How Route 1 Became a Bike Haven

Route 1 has become a great place for bicycling, with shops, trails, bike-sharing stations and strong local support.

There are several locally owned bike shops: Hyattsville’s Arrow Bicycle, College Park Bicycles and Proteus Bicycles. And the Mount Rainier Bike Co-op offers free workshops on bicycle repair and even provides used parts and bikes to volunteers who need them.

Several great bike trails connect at Lake Artemesia. From there, you can head north to Greenbelt on the Indian Creek Trail, north through the University of Maryland to the Beltway on the Paint Branch Trail, or south to Bladensburg on the Northeast Branch Trail.

South of downtown Hyattsville, you can link up with the Anacostia River Trail through Bladensburg’s waterfront, take the Northwest Branch Trail to the Beltway near Adelphi, or head north on the Rhode Island Trolley Trail, which follows the old streetcar route.

There are also on-street bike routes in Hyattsville and University Park that add another option for casual cyclists.

College Park’s mBike bike-sharing system has proved wildly popular, with more than 21,000 trips in its first 11 months, and is set to expand. Bike rentals are also available at the Greenbelt and College Park metro stations, the Trolley Trail and University Park, making the system even more useful to area residents.

Meantime, Capital Bikeshare will soon add stations from Mount Rainier to Riverdale Park, connecting Route 1 to the popular D.C. system.

There are great local events, like Arrow Bicycle’s weekly 32-mile rides on Sunday mornings, the University of Maryland cycling team’s weekly rides, Hyattsville’s annual Route 1 Rampage races, the annual Cyclocross race staged by Route 1 Velo and solid local participation in Bike to Work Day.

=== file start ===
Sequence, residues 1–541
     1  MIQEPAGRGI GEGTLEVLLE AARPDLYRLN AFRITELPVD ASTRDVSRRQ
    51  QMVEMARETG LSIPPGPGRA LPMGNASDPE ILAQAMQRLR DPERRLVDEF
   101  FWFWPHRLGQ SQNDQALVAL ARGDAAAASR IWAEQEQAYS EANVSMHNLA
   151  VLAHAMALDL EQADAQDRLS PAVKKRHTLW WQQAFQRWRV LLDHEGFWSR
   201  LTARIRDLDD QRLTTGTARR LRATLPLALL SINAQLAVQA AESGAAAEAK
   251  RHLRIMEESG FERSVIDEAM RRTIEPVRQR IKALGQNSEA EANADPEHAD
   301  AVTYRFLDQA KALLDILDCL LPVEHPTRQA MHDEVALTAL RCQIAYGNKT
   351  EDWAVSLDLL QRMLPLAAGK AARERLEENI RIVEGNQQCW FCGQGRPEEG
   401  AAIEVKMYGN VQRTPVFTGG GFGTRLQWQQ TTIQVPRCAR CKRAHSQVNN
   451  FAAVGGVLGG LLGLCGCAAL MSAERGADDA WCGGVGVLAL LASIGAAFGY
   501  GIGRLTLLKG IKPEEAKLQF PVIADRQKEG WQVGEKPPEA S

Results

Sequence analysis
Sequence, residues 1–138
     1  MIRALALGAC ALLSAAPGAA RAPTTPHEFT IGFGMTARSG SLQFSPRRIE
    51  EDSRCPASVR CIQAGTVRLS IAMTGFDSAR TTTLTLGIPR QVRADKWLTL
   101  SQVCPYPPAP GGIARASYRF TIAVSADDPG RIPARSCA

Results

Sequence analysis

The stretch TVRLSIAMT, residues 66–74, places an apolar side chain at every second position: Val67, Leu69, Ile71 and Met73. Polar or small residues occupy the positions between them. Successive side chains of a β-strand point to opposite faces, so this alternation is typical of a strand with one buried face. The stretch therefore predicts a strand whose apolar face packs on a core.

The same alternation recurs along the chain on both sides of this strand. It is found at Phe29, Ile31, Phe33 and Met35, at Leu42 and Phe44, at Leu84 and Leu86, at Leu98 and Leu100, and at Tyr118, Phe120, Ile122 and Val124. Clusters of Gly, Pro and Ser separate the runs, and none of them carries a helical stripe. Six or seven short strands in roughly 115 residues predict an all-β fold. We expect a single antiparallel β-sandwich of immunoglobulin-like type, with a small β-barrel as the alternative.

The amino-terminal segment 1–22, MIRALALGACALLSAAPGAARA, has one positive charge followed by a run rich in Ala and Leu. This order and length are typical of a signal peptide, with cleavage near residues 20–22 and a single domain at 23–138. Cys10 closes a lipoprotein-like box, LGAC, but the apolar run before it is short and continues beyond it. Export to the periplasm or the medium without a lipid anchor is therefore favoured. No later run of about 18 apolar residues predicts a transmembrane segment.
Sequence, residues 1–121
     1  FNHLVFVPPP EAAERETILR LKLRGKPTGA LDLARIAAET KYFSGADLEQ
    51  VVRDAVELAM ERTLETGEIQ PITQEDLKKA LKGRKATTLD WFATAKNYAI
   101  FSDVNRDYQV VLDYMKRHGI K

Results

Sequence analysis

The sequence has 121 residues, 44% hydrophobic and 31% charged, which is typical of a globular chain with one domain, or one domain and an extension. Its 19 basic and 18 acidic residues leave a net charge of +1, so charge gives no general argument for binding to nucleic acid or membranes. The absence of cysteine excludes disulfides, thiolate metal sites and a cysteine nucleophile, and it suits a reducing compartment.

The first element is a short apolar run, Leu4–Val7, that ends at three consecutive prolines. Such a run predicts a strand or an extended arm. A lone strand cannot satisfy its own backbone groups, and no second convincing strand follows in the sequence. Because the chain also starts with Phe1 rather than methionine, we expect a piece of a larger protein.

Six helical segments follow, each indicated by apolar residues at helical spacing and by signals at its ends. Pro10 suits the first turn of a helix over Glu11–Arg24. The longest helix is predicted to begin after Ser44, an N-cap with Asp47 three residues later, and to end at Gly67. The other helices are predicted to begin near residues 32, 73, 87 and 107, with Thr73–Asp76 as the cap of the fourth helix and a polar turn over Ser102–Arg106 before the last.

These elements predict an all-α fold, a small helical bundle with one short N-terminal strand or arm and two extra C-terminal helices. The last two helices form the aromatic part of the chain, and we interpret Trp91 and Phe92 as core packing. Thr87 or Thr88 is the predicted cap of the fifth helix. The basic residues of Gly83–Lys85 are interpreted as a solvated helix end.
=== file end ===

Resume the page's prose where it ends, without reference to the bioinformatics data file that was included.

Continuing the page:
And there’s even smaller touches that show the area is thinking about biking, like a bike repair station outside Whole Foods at the new Riverdale Park Station, public bike racks at places like the Shoppes at Arts District Hyattsville, and artsy markers for the Trolley Trail and the Northwest Branch Trail that are laid into the path.

That’s not to say more couldn’t be done.

For one thing, area roads could be better. Few have dedicated bicycle lanes (some parts of University Park don’t even have sidewalks because town leaders in the 1950s figured people of the future would drive everywhere). Major thoroughfares like Route 1 and East-West Highway can be intimidating and even unsafe for casual bikers. Better signage is always welcome.

There are still gaps in the trail system, including a missing segment in the Trolley Trail while Riverdale Park Station is under construction and a much-needed connection between the Trolley Trail at its southern end and the Northwest Branch Trail. More bike racks and more bike-sharing stations, especially at Hyattsville’s two metro stations, would be helpful.

But overall, Route 1 communities have made great strides in promoting bicycling in recent years.

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